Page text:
Charting New Netherland, 1597–1682

Maps Trace a Growing Knowledge of the Land

Detail from (#4) Nova Belgica et Anglia Nova, from Theatrum Orbis Terrarum, 1635, Amsterdam.

Introduction

Ever since man took charcoal to a cave wall, maps have existed. They inform the mind, record the way, and delight the eye. Like any document or artifact, maps cast light on the culture from which they originate: how the information is gathered and transmitted; how it is put on paper; who the major players are; what the obvious and hidden agendas might be. Maps elicit feelings of discovery, adventure, skill, intrigue, and enlightenment.

The maps of Europe’s Age of Discovery of the Western Hemisphere offer a natural path for our story of New Netherland: the path from the unknown to the known, from speculation to fact. In the beginning the view was broad and ill defined; the path was the hoped for access to the Far East. The blossoming Golden Age of the Netherlands fueled exploration, territorial claims, and colonization. Maps recorded the whats, hows and whys. They also tell the story of the people involved: sea captains, map makers, map owners and all the powers which sought information from maps. 

Today information is valued as the path to success. So it has always been.

Exhibit Credits:
Developed by Charles W. Wendell, Ph.D., a NNI trustee and formerly its president.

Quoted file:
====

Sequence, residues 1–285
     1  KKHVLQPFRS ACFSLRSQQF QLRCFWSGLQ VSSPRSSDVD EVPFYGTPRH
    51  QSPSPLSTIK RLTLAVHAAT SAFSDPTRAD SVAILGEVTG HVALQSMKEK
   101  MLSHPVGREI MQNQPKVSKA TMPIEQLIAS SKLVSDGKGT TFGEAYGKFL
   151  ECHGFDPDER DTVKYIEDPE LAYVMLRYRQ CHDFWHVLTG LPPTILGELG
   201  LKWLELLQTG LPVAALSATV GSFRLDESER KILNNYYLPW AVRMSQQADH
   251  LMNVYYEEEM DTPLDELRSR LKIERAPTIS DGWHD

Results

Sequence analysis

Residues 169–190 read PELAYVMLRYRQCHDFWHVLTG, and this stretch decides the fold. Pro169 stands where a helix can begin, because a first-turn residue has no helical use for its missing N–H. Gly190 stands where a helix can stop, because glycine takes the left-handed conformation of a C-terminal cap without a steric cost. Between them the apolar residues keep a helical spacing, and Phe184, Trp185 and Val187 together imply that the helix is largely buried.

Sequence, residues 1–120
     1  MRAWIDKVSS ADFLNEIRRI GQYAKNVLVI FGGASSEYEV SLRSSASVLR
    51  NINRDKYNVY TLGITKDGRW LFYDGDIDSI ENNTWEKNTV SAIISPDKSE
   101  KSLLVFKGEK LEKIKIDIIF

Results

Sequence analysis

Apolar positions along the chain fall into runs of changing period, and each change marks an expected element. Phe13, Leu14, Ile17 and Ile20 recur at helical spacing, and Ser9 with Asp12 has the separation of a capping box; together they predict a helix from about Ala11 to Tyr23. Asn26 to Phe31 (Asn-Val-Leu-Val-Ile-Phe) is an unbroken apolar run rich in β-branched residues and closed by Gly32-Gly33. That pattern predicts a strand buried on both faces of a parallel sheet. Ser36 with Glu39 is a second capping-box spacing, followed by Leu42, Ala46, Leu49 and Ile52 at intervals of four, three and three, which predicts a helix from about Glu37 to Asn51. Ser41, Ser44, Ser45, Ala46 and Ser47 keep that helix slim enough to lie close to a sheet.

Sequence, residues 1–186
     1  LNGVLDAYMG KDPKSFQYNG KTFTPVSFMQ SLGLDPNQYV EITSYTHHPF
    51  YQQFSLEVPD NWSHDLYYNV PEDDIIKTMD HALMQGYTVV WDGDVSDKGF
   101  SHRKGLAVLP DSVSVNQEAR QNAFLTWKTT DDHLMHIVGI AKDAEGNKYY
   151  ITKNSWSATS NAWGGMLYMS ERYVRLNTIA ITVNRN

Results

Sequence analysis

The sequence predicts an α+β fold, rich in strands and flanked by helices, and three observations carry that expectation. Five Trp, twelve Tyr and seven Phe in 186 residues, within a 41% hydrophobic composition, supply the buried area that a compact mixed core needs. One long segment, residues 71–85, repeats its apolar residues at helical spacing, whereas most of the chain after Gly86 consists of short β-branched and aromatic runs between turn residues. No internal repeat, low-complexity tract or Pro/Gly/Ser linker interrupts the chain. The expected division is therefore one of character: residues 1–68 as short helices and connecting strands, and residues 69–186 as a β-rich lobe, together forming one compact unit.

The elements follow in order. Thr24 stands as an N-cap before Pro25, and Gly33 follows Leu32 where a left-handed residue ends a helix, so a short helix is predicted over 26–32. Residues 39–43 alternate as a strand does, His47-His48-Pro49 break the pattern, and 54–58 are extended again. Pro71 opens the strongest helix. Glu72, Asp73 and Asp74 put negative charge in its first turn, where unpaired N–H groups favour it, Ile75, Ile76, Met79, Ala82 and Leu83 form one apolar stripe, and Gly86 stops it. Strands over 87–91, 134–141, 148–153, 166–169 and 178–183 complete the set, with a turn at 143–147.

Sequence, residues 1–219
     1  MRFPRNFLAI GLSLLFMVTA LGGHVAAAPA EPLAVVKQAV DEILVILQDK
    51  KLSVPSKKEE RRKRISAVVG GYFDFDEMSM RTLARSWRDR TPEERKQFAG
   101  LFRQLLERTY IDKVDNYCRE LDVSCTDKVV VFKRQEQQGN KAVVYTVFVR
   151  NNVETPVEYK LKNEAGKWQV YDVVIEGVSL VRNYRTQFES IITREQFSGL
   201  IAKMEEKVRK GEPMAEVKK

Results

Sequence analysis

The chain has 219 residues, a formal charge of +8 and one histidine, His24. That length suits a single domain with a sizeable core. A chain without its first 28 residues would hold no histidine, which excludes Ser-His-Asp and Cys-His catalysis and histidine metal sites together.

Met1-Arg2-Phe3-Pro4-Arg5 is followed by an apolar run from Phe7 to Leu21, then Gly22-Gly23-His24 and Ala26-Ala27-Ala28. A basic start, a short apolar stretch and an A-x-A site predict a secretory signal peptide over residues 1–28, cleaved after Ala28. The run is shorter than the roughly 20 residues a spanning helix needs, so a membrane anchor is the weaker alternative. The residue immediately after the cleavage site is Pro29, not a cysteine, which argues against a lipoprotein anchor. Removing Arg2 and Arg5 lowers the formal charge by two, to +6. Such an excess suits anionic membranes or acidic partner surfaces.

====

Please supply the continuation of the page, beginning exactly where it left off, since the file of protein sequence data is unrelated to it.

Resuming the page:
Online production by Steve McErleane, consultant to the New Netherland Institute.

Special thanks to Robert Augustyn of Martayan Lan, New York, NY, for advising on the exhibit and providing map images.

 

About the New Netherland Institute

For a quarter century NNI has helped cast light on America's Dutch roots. In 2010, it partnered with the New York State Office of Cultural Education to establish the New Netherland Research Center, with matching funds from the State of the Netherlands. NNI is registered as a 501(c)(3) non-profit organization. Contributions are tax-deductible to the extent permitted by law. More

The New Netherland Research Center

Housed in the New York State Library, the NNRC offers students, educators, scholars and researchers a vast collection of early documents and reference works on America's Dutch era. Directed by Dr. Charles Gehring. More

 

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